Touch of turmeric

A town turns yellow in its devotion to a god during the Bhandara festival

PTI7_9_2013_000016B Binding hue: Devotees throw turmeric as an offering to Lord Khandoba at the Jejuri temple | PTI


April 16, 2018
Jejuri, Maharashtra

KHANDOBA IS A GOD of many names—Maillara, Malhari, Mallari-Martanda, Mhalasakanta, Mailar, Mairala, Mallukhana and Bhairava. An important folk deity of the Deccan Plateau, he is worshipped in Maharashtra, Karnataka and Andhra Pradesh. According to writer R.C. Dhere, Khandoba was originally a folk deity—Maillara—from Karnataka who became Bhairava (an avatar of Shiva) in Maharashtra.

There are many legends woven around Khandoba. It is said Maillara was a valorous king who, accompanied by seven crore (Yelekota) soldiers, defeated the demons Mani-Malla. His devotees, therefore, chant ‘Yelkota Yelkota, Jaya Malhara’. He was also worshipped by the pastoral-nomadic tribes, and is a kula devata (ancestral god) of many families from different communities like Dhangar, Kolis, Sonar, Kunbi, Maratha, Deshastha and Karhade Brahmins. Muslim devotees call him ‘Mallukhana’, reportedly after a Pathan who married a Muslim woman.

Khandoba is typically depicted with four arms, one of which holds a ‘Bhandara-patra’ or a bowl of turmeric powder—the essence of the Bhandara festival that is held in Jejuri, 50km from Pune, Maharashtra. Every Somavati Amavasya (new moon that falls on a Monday), devotees of Khandoba gather at the magnificent Jejuri temple with tonnes of turmeric, smearing it on each other and throwing it all around amid energetic singing and dancing. The temple-town earned the ‘Sonyachi Jejuri’ (golden Jejuri) tag, thanks to this colourful celebration.

The Khandoba temple in Jejuri is the most significant among 12 other such temples that are located in Maharashtra and Karnataka. It is said Khandoba, accompanied by his two wives, Mhalasa and Banu, settled down in Jejuri thanks to the invitation of an ardent devotee. The temple is picturesque—a fort-like enclosure on the top of a conical hill rises above the town, and the steps leading from the town to the fort are of very unusual construction. These buildings and structures are said to be the result of the navas or vows made to Khandoba. Any devotee whose wish is fulfilled here has to build a step or erect a pillar or construct an arched gateway or sculpt an image of a bull, tiger or an elephant. Muslims who visit Jejuri beg ritually as form of repayment. This is called gada—Farsi for alms—of Mallukhana. While Khandoba is usually offered turmeric, belfruit leaves, onions and other vegetables, some devotees bring bharit-rodga (wheat flour buns) and even goat flesh as offerings. A few show their extreme devotion through Bagada—a ritual where a devotee is suspended from a shaft hooked to his back and swung around. Turmeric is then applied to his wounds.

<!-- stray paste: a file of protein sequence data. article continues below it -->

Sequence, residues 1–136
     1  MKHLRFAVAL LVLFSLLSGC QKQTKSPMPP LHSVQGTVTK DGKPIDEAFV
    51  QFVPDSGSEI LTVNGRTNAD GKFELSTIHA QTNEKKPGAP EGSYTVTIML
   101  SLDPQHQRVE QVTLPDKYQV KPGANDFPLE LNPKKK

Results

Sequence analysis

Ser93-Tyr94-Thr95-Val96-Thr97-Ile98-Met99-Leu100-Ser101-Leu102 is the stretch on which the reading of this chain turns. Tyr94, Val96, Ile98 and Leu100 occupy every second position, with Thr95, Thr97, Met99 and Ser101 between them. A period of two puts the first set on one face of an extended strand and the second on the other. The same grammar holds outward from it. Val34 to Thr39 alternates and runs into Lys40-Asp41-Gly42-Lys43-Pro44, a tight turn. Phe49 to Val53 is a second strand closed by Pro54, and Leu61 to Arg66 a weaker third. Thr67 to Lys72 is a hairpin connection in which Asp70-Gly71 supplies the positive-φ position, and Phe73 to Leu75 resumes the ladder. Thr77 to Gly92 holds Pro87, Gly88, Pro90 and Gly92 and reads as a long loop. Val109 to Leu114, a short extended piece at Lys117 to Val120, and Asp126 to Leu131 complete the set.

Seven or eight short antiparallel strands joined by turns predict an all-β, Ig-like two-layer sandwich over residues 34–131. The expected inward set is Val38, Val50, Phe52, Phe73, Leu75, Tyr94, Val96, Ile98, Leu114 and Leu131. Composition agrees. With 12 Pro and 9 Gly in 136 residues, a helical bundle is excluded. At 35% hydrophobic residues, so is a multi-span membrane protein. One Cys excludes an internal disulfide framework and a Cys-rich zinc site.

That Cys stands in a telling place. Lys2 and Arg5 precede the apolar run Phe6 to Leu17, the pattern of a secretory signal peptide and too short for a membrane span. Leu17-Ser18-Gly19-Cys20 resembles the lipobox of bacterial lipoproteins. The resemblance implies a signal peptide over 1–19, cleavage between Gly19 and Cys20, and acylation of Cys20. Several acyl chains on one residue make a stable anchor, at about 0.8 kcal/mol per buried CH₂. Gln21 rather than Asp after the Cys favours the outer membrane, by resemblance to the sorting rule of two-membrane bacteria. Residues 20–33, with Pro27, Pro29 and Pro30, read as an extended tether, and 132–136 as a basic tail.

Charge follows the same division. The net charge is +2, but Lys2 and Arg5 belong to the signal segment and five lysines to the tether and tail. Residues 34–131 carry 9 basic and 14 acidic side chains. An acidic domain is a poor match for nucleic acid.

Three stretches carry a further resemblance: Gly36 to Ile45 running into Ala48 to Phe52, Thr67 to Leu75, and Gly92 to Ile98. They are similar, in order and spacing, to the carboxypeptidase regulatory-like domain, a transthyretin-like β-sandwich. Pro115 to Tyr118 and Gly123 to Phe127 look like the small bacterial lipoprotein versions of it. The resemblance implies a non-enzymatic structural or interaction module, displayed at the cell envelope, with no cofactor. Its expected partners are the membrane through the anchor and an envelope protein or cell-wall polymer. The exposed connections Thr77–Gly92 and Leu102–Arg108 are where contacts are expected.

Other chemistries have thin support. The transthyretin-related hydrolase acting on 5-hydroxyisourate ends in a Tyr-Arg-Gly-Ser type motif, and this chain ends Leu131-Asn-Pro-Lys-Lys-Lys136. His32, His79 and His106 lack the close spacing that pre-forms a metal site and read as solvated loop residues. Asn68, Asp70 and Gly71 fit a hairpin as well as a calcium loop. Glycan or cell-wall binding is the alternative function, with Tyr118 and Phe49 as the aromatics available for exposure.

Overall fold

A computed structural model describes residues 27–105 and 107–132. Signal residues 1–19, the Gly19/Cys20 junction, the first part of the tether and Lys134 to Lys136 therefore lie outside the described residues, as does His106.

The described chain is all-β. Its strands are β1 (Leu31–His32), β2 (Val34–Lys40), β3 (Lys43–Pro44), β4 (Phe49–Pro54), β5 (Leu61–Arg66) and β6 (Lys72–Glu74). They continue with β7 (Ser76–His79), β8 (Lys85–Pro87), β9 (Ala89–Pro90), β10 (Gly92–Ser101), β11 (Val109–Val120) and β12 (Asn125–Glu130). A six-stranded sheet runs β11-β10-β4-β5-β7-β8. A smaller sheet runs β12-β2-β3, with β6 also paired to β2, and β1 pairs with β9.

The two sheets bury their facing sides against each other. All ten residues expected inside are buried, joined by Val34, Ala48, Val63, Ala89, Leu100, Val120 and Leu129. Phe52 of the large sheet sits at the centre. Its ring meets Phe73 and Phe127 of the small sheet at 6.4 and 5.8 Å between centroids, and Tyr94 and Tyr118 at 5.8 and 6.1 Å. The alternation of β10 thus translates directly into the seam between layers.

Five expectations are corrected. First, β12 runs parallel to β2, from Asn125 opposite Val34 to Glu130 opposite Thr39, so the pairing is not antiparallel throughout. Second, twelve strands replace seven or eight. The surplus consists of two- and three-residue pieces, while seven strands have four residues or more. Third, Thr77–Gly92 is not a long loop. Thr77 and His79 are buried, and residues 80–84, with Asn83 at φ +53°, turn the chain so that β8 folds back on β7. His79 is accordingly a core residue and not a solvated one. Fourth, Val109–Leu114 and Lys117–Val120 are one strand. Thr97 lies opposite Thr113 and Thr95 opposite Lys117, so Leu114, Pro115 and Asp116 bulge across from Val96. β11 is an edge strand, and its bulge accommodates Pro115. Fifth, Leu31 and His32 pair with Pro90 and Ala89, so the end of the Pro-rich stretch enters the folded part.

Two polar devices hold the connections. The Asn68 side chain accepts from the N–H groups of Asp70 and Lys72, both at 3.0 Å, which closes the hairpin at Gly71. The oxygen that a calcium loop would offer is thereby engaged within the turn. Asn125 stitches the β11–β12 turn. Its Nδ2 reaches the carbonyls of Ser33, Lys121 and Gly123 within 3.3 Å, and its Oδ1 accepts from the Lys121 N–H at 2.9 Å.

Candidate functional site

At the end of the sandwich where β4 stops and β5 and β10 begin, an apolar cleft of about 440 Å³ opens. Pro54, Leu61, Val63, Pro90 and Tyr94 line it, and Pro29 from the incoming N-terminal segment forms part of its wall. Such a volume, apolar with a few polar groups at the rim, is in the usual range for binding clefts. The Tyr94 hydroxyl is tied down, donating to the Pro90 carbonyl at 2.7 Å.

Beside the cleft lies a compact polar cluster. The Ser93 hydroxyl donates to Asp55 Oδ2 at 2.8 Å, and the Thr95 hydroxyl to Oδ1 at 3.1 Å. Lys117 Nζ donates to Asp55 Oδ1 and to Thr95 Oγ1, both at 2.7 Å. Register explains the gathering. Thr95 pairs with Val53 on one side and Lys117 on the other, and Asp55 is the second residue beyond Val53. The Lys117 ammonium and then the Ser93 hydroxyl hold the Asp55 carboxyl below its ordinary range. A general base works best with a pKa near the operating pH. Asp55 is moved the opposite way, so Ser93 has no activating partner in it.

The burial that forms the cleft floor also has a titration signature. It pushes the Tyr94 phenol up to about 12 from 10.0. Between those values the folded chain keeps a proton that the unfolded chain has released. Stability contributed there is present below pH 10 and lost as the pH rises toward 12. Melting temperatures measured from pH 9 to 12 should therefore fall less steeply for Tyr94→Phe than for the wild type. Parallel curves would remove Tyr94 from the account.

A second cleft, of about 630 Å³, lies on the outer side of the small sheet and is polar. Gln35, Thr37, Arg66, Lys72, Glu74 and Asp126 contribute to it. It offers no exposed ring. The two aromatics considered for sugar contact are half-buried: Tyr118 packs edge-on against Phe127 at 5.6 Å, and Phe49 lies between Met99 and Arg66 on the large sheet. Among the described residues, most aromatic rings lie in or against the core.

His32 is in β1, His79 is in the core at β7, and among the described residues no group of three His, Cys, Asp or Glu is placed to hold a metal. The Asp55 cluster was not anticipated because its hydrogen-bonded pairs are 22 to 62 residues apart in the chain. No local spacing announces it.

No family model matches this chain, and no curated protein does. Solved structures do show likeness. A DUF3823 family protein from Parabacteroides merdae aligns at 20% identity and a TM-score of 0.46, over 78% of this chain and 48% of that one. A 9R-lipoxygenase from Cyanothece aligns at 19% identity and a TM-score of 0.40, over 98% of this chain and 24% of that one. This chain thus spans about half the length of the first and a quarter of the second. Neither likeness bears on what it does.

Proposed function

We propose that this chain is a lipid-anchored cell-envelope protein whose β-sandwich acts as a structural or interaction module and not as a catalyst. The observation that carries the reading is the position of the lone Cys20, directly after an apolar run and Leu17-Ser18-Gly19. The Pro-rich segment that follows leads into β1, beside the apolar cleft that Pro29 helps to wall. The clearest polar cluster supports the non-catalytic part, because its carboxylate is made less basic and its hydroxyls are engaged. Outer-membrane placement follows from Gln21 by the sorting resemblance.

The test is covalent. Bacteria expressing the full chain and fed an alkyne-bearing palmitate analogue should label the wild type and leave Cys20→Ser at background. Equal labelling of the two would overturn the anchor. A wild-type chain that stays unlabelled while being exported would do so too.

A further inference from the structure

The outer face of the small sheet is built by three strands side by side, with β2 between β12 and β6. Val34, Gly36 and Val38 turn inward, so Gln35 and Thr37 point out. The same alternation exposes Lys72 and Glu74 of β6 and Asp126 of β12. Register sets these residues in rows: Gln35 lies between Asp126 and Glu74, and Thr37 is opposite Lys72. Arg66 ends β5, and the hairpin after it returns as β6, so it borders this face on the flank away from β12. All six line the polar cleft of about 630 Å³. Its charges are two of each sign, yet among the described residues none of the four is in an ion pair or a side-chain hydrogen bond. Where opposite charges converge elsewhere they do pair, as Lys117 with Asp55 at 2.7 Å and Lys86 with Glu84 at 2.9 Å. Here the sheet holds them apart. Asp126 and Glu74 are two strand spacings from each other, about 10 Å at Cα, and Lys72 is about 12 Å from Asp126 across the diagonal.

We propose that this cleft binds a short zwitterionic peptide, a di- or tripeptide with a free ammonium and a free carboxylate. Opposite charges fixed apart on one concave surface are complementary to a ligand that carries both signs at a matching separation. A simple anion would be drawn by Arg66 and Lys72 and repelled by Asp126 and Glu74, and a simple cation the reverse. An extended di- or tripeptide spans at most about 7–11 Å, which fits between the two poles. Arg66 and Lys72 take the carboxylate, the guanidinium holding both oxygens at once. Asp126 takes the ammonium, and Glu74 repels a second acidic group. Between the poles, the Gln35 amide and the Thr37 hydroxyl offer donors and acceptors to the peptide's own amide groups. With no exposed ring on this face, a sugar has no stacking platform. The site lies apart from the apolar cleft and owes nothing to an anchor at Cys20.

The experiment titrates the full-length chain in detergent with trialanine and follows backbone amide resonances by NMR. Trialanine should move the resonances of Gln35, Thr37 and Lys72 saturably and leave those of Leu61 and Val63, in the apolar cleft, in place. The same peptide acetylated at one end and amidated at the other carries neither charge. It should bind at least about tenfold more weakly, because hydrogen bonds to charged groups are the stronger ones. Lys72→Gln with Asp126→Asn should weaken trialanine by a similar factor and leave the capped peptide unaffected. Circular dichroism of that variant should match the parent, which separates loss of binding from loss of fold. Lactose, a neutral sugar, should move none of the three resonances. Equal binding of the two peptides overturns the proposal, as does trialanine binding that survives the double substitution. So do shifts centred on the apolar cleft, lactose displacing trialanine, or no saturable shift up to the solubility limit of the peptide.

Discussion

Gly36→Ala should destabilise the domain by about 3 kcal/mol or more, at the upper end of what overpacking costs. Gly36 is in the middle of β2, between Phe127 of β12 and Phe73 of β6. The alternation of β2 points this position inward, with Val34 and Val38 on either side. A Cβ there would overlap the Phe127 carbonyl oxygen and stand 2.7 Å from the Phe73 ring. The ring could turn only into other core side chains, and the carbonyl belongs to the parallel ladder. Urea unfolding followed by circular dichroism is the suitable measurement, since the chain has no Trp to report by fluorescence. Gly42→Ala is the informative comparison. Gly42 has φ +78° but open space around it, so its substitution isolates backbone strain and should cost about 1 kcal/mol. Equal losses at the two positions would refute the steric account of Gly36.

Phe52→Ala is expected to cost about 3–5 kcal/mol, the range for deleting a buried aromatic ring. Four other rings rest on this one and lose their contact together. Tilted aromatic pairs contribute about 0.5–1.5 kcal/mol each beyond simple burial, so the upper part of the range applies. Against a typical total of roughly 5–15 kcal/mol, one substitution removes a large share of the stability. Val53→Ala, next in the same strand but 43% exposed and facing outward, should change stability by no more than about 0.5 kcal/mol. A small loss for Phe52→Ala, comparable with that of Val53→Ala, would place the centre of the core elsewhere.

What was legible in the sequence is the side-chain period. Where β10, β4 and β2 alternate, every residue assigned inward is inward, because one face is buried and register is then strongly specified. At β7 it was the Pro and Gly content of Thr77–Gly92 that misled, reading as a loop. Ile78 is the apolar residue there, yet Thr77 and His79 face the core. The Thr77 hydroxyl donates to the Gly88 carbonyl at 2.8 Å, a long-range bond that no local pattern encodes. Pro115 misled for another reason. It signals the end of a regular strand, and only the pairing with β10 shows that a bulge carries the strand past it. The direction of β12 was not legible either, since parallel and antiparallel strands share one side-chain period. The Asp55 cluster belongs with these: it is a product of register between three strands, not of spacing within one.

The importance of turmeric is spelt out in the dhyanamantra of Khandoba in Mallarimahatmya, a Sanskrit text that was compiled between 1260 and 1540. It says: One should meditate upon the deity whose body is of golden colour; Mhalasa is sitting on his lap; whose horse is white; whose hand carries the sword; one who is admired and worshipped by gods and learned men; whose foot is on the head of the demon; whose arm is adorned with turmeric powder and who is carrying damaru (small drum) and is greatly admired among the devotees; who is surrounded by dogs; who is obtained easily by chanting of Omkara. This dhyanamantra emphasises the golden body of Khandoba, and it is ritualised as Bhandara, thereby indicating the importance of turmeric powder.

Saint Eknath has beautifully explained the term Bhandara in his poem on Murali. According to him, Bhandara means devotion, and through this ritual a devotee seeks viveka—pure discrimination. Bhandara is, thus, a symbol of bhava-bhakti—true love and devotion of the worshipper. The devotees think their life is fruitful just by participating in the Bhandara ritual. Newlyweds, whose kula devata is Khandoba, too, visit the Jejuri temple to celebrate their wedlock, as do those who wish for a child. Lord Khandoba is also the god of fertility.

At the Bhandara festival, devotees sing folk songs and narrate tales depicting the life of Khandoba and the quarrel between his two wives. According to folk literature, every devotee is equal at the feet of the god. They have a common identity, that of a devotee. The true devotee is engrossed in this ritual—he forgets all his pain, suffering and problems in his mundane life and seeks only divine bliss. Though many devotees may not understand the textual studies of philosophy, they follow the Vedanta philosophy by practising simple rituals like the Bhandara. They understand the oneness behind different gods and goddesses. All these people belonging to different communities are equal and one. They realise the spiritual unity of ‘Jiva’ (individual soul) and ‘Shiva’ (ultimate soul).

Moghe is assistant director at the postgraduate and research department of Bharatiya Vidya Bhavan, Mumbai.